Henry is a doctor in a small town. (Doctors in small towns tend to make more money due to being shorter in supply.) He finished paying off his student debt, earned his residency, and then opened his own practice at the age of 32. He will be paid $250,000 to $400,000 a year in a career spanning 30 years or more. This means he will become a millionaire by the age of 35, and have a net worth of around $5 million at the age of 50, assuming he invests his money properly. Most costs become trivial or insignificant to him. For example, he can afford annual vacations to Hawaii without breaking a sweat (assuming he finds someone to replace his shifts). Henry is comfortably upper-middle class.

    Yet even more obscenely…

    Lillian is a 32-year-old partner at a private equity firm. After stints at Morgan Stanley and Deloitte, and completing an MBA at Harvard, she lands a job paying $500,000 a year plus discretionary bonuses. By working a hectic schedule for the first few years she was able to earn a total of $1 million in bonuses and win the favor of her superiors. She is projected to have a net worth of $2 million by the age of 35, $5 million by 40, and $15 million by 50. Opportunities for upward mobility are virtually unlimited – she could become the vice president or CEO of a Silicon Valley tech firm in the middle of her career, and be paid $50 million in stock options all at once. Expenses are so insignificant that she simply allocates a small percentage of her savings as a very comfortable personal allowance, and paying capable money managers to take care of the rest. Lillian’s life is but a glimpse of what is possible in the upper class.

    Hierarchy of needs

    In psychology, Maslow proposed a hierarchy of needs for a healthy human psyche. This is depicted in the shape of a pyramid, with the most essential needs at the base and the most unattainable at the apex. From the base to the apex, the needs are categorized: physiological, safety, love and belonging, esteem, self-actualization.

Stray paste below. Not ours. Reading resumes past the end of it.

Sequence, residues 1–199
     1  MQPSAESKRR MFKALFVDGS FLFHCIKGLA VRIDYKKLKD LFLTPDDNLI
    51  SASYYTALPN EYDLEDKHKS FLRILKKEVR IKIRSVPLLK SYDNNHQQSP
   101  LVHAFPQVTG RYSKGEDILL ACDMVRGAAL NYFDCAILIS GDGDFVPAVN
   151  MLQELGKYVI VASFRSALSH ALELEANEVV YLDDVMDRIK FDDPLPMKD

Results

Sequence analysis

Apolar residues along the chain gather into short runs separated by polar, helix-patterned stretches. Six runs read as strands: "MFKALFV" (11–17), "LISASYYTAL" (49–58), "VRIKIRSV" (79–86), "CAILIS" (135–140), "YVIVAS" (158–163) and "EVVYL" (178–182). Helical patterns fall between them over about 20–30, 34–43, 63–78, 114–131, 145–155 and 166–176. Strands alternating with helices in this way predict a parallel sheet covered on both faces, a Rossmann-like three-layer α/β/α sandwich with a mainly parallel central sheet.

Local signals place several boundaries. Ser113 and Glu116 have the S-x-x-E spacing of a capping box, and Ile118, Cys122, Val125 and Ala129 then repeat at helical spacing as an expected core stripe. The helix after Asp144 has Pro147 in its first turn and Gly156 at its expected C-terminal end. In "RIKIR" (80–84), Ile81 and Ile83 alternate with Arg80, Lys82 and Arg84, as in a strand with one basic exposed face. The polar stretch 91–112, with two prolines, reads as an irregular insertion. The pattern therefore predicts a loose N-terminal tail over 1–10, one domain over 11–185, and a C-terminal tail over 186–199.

A similar hierarchy can be developed to describe the purposes served by money. Starting from the most essential:

    • Living: basic living expenses such as rent, mortgage, food, sanitation.
    • Recreational: entertainment, travel, food beyond the purpose of feeding oneself.
    • Saving: the act of growing money, or making money from money itself. For example, putting money in a bank, various means of investing.
    • Self-development: mostly refers to continuing education, but also includes networking and expenses related to self-study. For example, learning plumbing to get a job as a plumber, or learning a martial art for self-defense.
    • Influence: dealing in significant, real-world influence. For example, setting up charities, political donations.

    Some items fall under multiple categories. For example, a car would fall under the first if it were absolutely necessary for going to work, and fall under the second if it were used to travel.

    The purpose of the hierarchy is to show the order in which people prioritize their spending. Living expenses are the most essential need, so people will focus on this before others. Depending on their living conditions, people will place different items in different categories.

    Here is an example to illustrate. Suppose I am a lower-class individual who starves on a regular basis. There is a McDonald’s near my home. I know that regularly eating Big Macs is damaging to long-term health, but it keeps me fed in the short term. When I am starving, I don’t really care that eating Big Macs is unhealthy, because the alternative may be to buy expensive groceries from Whole Foods. In my mind, feeding myself is the most immediate need, and so I have placed Whole Foods under “entertainment”, “saving”, or even “self-development”. On the other hand, someone who has no trouble feeding himself may look at me and criticize me for eating unhealthy food, because he has plenty of money left over even if he buys groceries from Whole Foods.

    One of the shortcomings of Maslow’s hierarchy was that it was too narrow. The order in which the needs appear can not be universally applied to all humans, but is most suited to those living in the Western world. Similarly for the hierarchy of money. The ordering should be taken as a general guideline and not a golden rule.

  • Level 1 - Sergeant

    (Updated with hierarchy of needs)